When we talk about sentimentality in literature, we talk about the “contemporary, pejorative sense of the word,” Zoe Heller writes for the New York Times. A word defined by Merriam-Webster as “the quality or state of being sentimental especially to excess or in affectation.” A word with synonyms such as gooeyness, lovey-doveyness, mawkishness, saccharinity, and sappiness. A word with which most writers don’t want to be associated. A word often summed up with a quote by Oscar Wilde: “A sentimentalist is simply one who wants to have the luxury of an emotion without paying for it.”
In an article for Poets & Writers, Nate Pritts writes, “Our present situation is such that sentimentality is inherently seen as a weakness.” He adds, “Critics use the term ‘sentimentality’ recursively, to indict writing that presents unwarranted sentiment, passages of unmoored or unjustified feeling.” It isn’t only critics; the characters of Harry Potter use sentimental as an insult almost as much as they cast curses—Snape snidely asks, “feeling sentimental?” and Dumbledore says to forgive his mawkishness.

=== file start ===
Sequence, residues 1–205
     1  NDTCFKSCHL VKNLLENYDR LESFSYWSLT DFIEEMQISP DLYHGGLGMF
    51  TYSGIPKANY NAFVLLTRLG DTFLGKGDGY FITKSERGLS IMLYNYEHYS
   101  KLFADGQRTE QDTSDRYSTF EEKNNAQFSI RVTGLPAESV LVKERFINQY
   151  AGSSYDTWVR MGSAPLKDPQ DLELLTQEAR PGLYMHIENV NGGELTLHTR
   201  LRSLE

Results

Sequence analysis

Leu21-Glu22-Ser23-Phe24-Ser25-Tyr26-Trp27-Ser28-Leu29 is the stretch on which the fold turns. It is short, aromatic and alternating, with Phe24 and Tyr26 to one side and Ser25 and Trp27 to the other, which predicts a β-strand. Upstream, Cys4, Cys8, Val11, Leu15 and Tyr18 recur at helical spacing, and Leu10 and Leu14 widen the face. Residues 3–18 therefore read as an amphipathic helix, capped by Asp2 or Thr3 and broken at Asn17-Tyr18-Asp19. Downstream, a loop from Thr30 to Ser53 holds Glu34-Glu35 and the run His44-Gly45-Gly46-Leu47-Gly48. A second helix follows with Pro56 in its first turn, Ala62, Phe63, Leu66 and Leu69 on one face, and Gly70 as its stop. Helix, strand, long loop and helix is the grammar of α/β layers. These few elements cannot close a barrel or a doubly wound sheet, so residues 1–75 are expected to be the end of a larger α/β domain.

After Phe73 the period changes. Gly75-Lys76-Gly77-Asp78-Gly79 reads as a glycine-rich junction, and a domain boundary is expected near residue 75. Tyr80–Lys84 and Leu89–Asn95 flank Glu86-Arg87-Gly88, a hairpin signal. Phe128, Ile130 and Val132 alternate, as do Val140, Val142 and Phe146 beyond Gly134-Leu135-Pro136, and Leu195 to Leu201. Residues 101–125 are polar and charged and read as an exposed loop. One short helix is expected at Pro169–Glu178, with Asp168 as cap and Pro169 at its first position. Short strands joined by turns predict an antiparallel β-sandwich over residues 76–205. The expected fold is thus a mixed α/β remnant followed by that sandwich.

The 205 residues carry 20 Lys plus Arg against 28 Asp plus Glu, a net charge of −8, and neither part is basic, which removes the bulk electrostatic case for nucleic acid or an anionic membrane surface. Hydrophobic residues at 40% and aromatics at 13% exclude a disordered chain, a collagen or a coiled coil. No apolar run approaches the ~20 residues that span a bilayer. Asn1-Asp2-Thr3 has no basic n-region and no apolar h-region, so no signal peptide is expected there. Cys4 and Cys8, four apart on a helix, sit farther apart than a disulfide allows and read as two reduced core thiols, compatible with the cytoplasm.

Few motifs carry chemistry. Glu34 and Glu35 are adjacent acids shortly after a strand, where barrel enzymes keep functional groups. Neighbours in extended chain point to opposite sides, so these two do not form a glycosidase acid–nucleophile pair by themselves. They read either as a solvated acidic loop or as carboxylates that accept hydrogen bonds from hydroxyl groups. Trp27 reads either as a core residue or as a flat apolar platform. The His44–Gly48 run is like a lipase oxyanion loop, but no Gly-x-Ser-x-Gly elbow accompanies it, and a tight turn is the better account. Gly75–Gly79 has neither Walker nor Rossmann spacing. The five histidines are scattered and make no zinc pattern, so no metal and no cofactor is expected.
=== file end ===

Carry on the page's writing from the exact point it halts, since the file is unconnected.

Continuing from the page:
Leslie Jamison notes that there is a “kind of collective shame that we feel about sentimentality,” a shame that “manifests as an accusation—accusing a film of a piece of art of manipulating our emotions.” Pritts writes that his “primary worry” is “that in this crusade to root out sentimentality, people have begun to eradicate sentiment as well.”
Which brings us to the heart of the issue, a question posed by Pritts: “how to navigate the use of sentiment without falling to sentimentality?”